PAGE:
Over the years, I have come to realize that creativity is not something only some of us have. Sure, some have exceptional talents in what we call the creative arts such as dance, painting or music. However, the definition of creativity doesn’t have to stay within this narrow window. I have come to see creativity, in a wider frame, as each person’s unique self-expression.
Your creativity is within you, waiting to come out. It is uniquely yours. Clues lie in what you love to do and what excites you. I have seen people express their creativity in the way they care for and understand animals, in the excellence of their work, in the way they inspire others, in the way they think, in their “green thumb” in the garden, for example.
You are creative. Have you found your creative gifts? Do you share them with the world?
I did a Slideshare several years back titled “Everyone Is Creative”. You can see it here.
photo: rawpixel, pixabay.com
Your imagination can be a career-booster when you employ it well. It often provides a different view of reality and what is possible. It is a source of creativity. When you are tackling a problem or approaching a project, make it a practice to see where your imagination can bring you. Then, put that in the mix with other elements you are considering.
Imagination adds color, new perspectives and new ideas to your everyday work. Nurture your imagination and learn to use it well.
photo: TeroVesalainen, pixabay.com
Indigenous cultures use a circle as an image for life. Circles are continuous, with no beginning or end. What does your career or organization look like, when you view it as a circle?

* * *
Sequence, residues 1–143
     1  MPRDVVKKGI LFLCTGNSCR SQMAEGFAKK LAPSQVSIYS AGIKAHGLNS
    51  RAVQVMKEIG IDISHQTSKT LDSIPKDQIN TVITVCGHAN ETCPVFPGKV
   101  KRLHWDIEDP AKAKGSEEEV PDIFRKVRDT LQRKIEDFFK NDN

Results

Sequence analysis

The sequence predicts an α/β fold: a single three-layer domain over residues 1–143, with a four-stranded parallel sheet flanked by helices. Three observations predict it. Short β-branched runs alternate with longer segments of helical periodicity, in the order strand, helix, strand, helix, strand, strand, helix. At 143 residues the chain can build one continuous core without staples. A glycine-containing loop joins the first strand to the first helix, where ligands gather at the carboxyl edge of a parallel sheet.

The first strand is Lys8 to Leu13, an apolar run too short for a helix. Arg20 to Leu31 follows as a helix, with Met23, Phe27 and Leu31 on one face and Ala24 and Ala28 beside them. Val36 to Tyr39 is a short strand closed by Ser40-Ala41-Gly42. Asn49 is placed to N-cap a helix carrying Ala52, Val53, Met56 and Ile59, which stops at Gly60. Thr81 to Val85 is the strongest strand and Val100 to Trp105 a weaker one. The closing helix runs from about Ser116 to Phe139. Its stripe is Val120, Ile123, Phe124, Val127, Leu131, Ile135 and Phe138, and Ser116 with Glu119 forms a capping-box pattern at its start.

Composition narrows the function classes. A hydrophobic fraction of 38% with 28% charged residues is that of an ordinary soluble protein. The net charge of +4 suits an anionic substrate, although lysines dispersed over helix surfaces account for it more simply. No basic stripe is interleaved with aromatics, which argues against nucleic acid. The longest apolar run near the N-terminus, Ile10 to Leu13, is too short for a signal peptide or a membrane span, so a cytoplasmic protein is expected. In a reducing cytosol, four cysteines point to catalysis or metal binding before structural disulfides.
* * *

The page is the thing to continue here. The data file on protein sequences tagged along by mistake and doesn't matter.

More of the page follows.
Think of the differences between a circle and a line. Circles allow flow. One action leads to another. You cannot separate one event from another. Everything is connected. The center of a circle is surrounded by the elements of the circle. The center of a line is one point.
Why write about this in The Managers Hub? A change in the perspective with which you view your career or organization can lead to insights, innovation and positive change. If you use a circle as your reference point, what looks different in your career or organization?
photo: alexis doyen, lifeofpix.com
A blank page is a gift in life. It can be an ending, a new beginning, a change, a chance to start again or an invitation to something new. Is there a blank page in your life right now? What are you going to do with it? Will you fill it creatively, impulsively, carefully, leave it blank? Or, will you run away from its blankness?
Treasure the blank pages that show up. They give you an opportunity to create the life you want to live.
There are many ways we can co-create – working with others on a project, being part of a collaboration, seeking muses or sharing a mutual goal with others. The best co-creating is when you choose to do so because the involvement of others will enhance your creativity, performance and end result.
Do you consciously co-create with others? Are conditions in your career right for you to do so? As the world moves forward, co-creating will be a powerful means of doing your best.